On Friday afternoon I heard some great news. My school is to extend the trial of Edmodo until Christmas, allowing other teachers in my department to experiment with using Edmodo to positively impact their learning and teaching. This may prove to be the beginning of a big change in whole school policy as, up until now, use of external websites was limited to passive teaching resources such as YouTube and Prezi – only teachers were allowed access.
As part of the approval process I wrote a report on how my Higher Computing class made use of Edmodo in their classwork, homework and preparation for assessment. I was able to answer the concerns of the school’s IT manager with regard to data protection and responsible use. I’ve embedded the document below for anyone else who is interested in investigating Edmodo further.
If the extended trial proves successful Edmodo could become the main resource for allowing external access to pupil resources and, most importantly, providing learners with a permanent record of their knowledge development in a place where it is much less likely to be lost or damaged. Learner-teacher dialogue can be referenced and revisited; gaps in knowledge due to absence could be filled; knowledge could be pulled from the class group rather than pushed. I intend to share my experiences in using Edmodo with my colleagues and blog readers in the coming months.
I’m excited about the possibilities but know Edmodo is not a magic bullet. As part of my research into how Edmodo is used worldwide I set up a Twitter search via TweetyMail and received hourly summaries peppered with disillusioned, confused and angry students who were being forced to use the service simply because it was there, not because it enhanced the classroom experience. I can see the benefits of opening classroom discussion with carefully crafted questions on Edmodo, where every learner has the opportunity to contribute not just the one who thinks fastest. However I can also see the potential for misuse by the minority who want to use Edmodo to keep their classes quiet or too busy to realise that their needs are not being met. It needs to be used in a carefully considered way where it should enhance the learning and teaching of all students in the classroom, but teachers also need to bear in mind that it offers the advantage of being able to hold a 1:1 discussion over a long period of time. The teacher has to make time to read the comments and adapt their usual classroom practice to best serve their learners.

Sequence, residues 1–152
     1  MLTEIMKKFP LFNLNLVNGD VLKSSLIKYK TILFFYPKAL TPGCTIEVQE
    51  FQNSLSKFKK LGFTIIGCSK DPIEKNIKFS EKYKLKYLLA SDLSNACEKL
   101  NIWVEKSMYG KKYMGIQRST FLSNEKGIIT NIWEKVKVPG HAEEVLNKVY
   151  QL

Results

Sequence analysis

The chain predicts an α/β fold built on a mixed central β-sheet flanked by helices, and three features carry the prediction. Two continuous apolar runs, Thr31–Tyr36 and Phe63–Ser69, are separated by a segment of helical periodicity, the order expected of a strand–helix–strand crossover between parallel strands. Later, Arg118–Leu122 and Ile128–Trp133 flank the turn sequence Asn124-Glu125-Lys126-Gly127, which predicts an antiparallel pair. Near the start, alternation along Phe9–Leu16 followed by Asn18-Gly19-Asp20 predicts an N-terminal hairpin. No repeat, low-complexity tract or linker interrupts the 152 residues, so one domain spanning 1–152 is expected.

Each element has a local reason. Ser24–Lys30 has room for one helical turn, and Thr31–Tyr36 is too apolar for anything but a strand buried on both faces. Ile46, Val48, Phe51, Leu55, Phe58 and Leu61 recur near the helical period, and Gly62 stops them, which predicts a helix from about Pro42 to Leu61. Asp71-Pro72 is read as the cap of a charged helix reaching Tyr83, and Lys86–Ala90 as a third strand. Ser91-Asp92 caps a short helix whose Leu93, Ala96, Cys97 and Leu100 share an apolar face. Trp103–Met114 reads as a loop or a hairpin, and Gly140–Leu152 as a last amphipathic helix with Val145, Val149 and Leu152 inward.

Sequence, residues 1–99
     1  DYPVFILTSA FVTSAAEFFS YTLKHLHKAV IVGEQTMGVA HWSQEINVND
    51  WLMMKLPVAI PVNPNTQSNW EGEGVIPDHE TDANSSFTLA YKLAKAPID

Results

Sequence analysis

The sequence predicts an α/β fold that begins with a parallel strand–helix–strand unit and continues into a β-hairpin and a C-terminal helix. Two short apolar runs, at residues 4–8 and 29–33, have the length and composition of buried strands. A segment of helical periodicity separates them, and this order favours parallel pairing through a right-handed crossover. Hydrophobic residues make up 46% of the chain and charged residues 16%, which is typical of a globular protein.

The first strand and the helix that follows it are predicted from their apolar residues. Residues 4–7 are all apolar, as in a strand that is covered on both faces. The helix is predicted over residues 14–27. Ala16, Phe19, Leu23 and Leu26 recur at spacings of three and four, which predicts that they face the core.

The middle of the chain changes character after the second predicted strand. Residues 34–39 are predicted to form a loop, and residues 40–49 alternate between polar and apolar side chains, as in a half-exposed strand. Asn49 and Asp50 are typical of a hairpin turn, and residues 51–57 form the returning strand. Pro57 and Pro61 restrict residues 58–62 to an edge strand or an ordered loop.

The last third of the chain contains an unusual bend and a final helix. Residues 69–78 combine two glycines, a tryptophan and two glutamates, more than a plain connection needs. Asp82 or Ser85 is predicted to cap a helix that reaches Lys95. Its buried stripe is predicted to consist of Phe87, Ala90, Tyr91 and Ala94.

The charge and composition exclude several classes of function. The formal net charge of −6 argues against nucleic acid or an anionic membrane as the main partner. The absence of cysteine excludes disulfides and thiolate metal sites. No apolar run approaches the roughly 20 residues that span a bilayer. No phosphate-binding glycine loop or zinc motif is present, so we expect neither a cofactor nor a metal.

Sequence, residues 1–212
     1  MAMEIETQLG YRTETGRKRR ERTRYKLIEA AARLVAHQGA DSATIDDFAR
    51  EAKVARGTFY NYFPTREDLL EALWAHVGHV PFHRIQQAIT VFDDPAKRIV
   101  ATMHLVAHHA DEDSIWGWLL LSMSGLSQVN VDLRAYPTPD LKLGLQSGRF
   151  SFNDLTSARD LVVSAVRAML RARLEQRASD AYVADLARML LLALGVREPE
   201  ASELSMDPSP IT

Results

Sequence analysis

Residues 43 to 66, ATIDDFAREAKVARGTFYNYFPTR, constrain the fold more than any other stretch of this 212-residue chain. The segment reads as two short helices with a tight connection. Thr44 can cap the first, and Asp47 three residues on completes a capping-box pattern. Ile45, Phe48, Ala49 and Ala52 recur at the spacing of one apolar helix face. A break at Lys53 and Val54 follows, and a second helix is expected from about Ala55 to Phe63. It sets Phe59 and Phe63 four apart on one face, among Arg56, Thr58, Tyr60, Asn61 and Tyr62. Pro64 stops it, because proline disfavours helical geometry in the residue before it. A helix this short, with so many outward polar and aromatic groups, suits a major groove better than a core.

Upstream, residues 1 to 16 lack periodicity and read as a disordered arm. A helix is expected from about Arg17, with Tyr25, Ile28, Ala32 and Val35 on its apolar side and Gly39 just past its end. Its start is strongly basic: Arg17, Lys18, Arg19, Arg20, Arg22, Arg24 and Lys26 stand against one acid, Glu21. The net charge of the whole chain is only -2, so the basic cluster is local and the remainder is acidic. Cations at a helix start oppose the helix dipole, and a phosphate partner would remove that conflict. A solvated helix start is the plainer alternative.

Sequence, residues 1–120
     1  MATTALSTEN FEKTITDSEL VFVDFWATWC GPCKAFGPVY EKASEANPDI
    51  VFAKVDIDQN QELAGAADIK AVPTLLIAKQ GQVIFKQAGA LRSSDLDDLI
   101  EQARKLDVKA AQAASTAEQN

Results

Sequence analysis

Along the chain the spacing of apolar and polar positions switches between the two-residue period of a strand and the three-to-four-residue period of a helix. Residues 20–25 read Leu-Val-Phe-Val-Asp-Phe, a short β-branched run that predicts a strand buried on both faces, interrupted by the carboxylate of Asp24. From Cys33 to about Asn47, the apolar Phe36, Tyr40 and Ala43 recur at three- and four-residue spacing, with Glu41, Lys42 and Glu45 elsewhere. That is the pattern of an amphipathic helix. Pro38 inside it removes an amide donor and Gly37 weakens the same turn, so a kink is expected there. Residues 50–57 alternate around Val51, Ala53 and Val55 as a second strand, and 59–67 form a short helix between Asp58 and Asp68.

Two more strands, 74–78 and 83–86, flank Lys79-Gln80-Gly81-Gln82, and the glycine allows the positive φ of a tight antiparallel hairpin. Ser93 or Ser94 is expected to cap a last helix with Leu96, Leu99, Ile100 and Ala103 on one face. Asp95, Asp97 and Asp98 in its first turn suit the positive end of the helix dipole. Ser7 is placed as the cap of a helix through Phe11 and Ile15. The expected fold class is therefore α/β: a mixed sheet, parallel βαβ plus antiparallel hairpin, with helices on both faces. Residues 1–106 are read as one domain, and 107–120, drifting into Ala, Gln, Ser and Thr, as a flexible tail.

So, in short, it offers the opportunity to deliver a flipped classroom model of education. I’ll investigate this further in future blog posts.
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